Criminal Case review

Criminal Case is a new Facebook game from Pretty Simple Games. It’s a criminal investigation-themed hidden object game, and is currently being highlighted by Facebook in the “New Games” section of the App Center.

Criminal Case casts players in the role of a new member of the police force who is tasked with solving a variety of brutal crimes. The first case acts as a tutorial, with the player being introduced to the various components of gameplay one by one, and then subsequent cases become increasingly lengthy and complex as the player progresses.

The game is split into several parts, each of which advance the plot of each case. Hidden object scenes are handled fairly traditionally — players are presented with a list of objects to find, some of which are key clues for the case, and must find them as quickly as possible to score maximum points. Upon completing a scene, the final score (plus time bonus and additional bonuses for any “hints” remaining) contributes to a cumulative star rating for the stage.

Unlike most hidden object games, however, these stars actually play a role in the game rather than simply showing your “mastery” level of a particular scene. Stars are used to unlock various additional investigation scenes, which vary from simple conversations with suspects to puzzles requiring the player to reassemble broken objects, find items hidden in piles of red herrings and decipher codes. Stars are expended upon performing these tasks, so the game does occasionally descend into grinding as the player tries to acquire additional stars to complete all the objectives.

Alongside these interactive elements, certain items such as the victim’s body and other objects found at the scene must be sent to the lab for analysis, which takes a period of real time to complete. As ever, these real-time delays may be bypassed with the expenditure of hard currency.

As the player progresses through each case, they gain clues as to who the victim was, how they were killed and who the suspect was. At the conclusion of the case, the player is presented with several suspects and must arrest the appropriate one who fulfils all the criteria. If they are correct, the case is complete and the next one unlocks — though past cases may be revisited at any time to grind for experience and currency.

The game is primarily a single-player affair, but it does incorporate a few social features. Each hidden object level has a leaderboard, for example, and the player may choose a “partner” from their friends to join the investigation of each scene and provide hint bonuses. This also allows players to show off their custom-created avatars, who otherwise do not appear very often in the game.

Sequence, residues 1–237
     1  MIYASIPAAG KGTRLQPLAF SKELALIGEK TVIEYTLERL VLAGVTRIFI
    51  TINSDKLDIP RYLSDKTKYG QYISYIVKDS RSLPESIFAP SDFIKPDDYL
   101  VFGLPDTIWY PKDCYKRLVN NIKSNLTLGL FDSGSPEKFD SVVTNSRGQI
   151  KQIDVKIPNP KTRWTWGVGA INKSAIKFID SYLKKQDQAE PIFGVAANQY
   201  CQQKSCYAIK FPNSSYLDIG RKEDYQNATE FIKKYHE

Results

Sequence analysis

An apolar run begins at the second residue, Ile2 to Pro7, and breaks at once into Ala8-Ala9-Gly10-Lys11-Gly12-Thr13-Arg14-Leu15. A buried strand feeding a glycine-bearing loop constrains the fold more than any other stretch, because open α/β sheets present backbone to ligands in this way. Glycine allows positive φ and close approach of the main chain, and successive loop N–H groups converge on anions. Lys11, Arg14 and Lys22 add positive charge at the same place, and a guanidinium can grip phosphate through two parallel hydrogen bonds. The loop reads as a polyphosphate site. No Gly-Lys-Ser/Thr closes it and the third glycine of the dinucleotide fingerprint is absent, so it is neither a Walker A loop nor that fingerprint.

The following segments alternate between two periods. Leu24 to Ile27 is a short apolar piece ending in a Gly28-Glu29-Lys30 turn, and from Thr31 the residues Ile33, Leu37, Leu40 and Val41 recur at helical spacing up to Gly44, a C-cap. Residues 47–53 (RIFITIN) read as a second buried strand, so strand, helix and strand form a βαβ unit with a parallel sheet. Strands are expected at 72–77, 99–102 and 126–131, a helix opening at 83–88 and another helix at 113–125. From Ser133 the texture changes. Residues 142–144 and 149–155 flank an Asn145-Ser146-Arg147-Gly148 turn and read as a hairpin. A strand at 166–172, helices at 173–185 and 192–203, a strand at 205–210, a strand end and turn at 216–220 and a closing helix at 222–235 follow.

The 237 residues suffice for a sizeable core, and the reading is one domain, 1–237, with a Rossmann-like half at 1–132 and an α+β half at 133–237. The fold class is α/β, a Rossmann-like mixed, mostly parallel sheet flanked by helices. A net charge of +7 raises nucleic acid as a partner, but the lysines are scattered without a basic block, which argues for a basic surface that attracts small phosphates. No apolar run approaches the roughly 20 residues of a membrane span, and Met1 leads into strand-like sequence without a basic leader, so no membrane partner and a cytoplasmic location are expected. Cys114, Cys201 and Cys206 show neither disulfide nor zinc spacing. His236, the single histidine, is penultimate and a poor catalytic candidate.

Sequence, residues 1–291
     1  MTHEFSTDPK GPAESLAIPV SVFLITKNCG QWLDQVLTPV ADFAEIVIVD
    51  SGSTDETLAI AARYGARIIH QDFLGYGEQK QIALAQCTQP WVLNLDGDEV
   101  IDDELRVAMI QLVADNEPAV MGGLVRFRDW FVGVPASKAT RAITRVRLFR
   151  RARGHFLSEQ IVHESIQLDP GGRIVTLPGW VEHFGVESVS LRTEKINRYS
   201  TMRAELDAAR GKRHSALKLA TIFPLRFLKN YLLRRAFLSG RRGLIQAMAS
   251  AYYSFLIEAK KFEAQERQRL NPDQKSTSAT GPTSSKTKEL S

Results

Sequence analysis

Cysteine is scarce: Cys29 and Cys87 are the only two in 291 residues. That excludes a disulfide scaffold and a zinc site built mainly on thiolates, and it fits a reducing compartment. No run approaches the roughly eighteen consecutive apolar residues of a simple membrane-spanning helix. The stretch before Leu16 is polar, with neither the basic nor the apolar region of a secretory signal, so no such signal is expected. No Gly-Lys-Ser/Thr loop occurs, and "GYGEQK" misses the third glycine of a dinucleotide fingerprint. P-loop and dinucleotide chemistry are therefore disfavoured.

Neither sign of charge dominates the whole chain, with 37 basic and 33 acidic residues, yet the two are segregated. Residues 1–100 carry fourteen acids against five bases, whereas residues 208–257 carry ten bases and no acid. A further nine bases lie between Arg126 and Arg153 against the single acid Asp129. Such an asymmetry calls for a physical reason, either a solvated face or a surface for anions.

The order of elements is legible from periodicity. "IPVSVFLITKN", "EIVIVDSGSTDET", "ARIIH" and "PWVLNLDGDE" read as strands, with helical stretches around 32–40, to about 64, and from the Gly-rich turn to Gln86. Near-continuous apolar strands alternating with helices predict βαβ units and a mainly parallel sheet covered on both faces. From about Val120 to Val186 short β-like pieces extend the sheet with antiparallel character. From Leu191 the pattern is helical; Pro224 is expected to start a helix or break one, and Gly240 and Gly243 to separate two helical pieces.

Monetization stems from several sources. Soft currency, which may be earned through normal play or purchased, may be used to acquire customization items for the player avatar, though the majority of these are level-locked. Hard currency, meanwhile, is used to bypass wait times, purchase premium items and acquire energy-restoring items. Yes, Criminal Case incorporates an energy system, placing a firm wall in front of the player after a while if they do not pay or wait. Energy is fully restored upon leveling up and also in smaller quantities upon completing tasks that require stars to accomplish. The pace of leveling is far too slow at the beginning of the game, however, meaning the player will hit a paywall by halfway through the second case, spoiling the otherwise good pace of the game’s story somewhat. This is a shame, as the game is otherwise very good; it’s a shame to see a player’s enjoyment spoiled by the particularly heavy-handed implementation of this increasingly-outdated monetization mechanic seen here.

Criminal Case currently has 40,000 monthly active users, 30,000 weekly active users and 10,000 daily active users. Follow its progress with AppData, our tracking service for social games and developers.


Worth a play for its strong story and interesting gameplay, but a heavy-handed energy mechanic spoils enjoyment somewhat.

Publish date: December 6, 2012 © 2020 Adweek, LLC. - All Rights Reserved and NOT FOR REPRINT